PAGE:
Wednesday, January 23, 2013

Post-Trial Motions Addressed in Lackawanna County MVA Case

In his recent decision in the case of Holmes v. Brozonis, No. 2008-CV-5025 (C.P. Lacka. Co. Jan. 16, 2013 Nealon, J.), Judge Terrence R. Nealon of the Lackawanna County Court of Common Pleas addressed various issues on post-trial motions after an automobile accident lawsuit trial in which the jury entered a verdict in the amount of $4,250.00.

In this Opinion, the court addressed the law regarding arguments pertaining to the alleged inadequacy of the verdict, with respect to defense counsel’s re-direct examination of the defense medical expert, and with respect to defense counsel’s re-direct examination of the defense medical expert, and regarding the Court’s instruction given to the jury in response to a question raised by the jury during the course of their deliberations.

With regards to the claim that the jury’s award was inadequate, Judge Nealon noted the shocks-the-conscience test and found that the case before him did not meet that test.

As to the allegations that the defense re-direct examination of the defense medical expert went well beyond the scope of the cross-examination, the Court reviewed the transcript and concluded that defense counsel’s questioning was not improper. Rather, the Court viewed the Plaintiff’s attorney’s cross-examination of the defense expert as having “opened the door” to the re-direct examination at issue.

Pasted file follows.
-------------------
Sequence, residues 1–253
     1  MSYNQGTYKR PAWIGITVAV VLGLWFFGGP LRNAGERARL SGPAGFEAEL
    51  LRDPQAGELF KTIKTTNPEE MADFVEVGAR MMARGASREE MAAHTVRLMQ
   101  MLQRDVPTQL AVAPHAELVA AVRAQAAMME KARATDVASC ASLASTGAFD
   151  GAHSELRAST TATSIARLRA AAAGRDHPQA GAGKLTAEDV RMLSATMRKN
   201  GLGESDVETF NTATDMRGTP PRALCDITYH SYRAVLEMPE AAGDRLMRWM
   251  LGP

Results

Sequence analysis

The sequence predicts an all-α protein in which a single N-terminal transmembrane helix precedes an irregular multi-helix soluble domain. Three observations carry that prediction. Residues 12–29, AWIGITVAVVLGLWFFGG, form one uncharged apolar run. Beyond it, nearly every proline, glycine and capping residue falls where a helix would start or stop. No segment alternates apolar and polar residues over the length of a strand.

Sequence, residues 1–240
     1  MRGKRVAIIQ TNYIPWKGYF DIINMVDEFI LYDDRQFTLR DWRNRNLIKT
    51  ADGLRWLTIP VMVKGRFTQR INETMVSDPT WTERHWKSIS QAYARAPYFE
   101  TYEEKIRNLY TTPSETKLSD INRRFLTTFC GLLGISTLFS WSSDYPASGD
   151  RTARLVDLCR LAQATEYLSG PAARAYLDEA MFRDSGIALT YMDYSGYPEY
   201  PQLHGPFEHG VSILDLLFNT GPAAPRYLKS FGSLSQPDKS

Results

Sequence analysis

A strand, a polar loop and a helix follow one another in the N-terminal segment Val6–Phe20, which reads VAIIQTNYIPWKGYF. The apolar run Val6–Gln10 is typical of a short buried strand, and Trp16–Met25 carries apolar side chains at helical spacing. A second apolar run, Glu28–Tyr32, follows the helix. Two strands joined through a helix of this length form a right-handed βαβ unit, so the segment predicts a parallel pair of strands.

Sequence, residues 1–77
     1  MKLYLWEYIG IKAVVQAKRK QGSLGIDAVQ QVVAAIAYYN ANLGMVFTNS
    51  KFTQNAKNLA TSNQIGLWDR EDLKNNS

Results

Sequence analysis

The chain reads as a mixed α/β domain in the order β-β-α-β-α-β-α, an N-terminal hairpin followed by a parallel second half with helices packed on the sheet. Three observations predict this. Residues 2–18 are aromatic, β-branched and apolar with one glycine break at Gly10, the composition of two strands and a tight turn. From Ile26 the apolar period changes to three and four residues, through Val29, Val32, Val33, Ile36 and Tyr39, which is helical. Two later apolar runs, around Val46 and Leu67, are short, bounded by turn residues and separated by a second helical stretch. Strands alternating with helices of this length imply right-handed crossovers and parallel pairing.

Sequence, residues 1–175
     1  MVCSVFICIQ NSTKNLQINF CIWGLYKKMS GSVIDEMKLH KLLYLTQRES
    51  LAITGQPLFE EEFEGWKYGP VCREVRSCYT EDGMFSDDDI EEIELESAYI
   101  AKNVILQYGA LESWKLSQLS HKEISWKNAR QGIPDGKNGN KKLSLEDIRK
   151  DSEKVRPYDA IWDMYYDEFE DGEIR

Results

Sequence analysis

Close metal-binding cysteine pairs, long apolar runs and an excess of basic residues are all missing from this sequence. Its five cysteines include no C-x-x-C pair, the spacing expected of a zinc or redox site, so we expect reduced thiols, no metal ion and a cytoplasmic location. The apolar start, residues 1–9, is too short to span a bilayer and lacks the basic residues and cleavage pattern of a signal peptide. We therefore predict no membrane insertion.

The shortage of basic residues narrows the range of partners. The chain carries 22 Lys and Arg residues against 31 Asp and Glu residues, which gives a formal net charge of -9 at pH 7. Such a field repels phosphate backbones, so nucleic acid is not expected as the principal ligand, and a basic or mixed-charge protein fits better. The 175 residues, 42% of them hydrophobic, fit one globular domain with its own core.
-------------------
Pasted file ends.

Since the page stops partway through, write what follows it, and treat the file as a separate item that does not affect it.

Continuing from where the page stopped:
In terms of the issues surrounding the jury’s question submitted to the court during the course of its deliberation, the Opinion noted that the jury had an inquiry regarding the Plaintiff’s medical expense exhibits.

Judge Nealon stated that he had first reviewed his proposed response to the jury’s inquiry with counsel and had received no objection from either counsel to that planned response.

In rejecting the Plaintiff’s post-trial motions on this issue, Judge Nealon provided a thorough review of the law pertaining to the Court’s broad discretion in formulating an appropriate response to an inquiry submitted by a jury during deliberations.

The Court not only found its response to the jury to be within the parameters of the law but also noted that any objection in this regard had been waived due to the failure of any party to state an objection during the course of the proceedings to the response provided by the court to the jury.

Overall, the Court denied the Plaintiff’s Motion for Post-Trial Relief.

Anyone desiring a copy of this Opinion in the case of Holmes v. Brozonis may contact me at dancummins@comcast.net.

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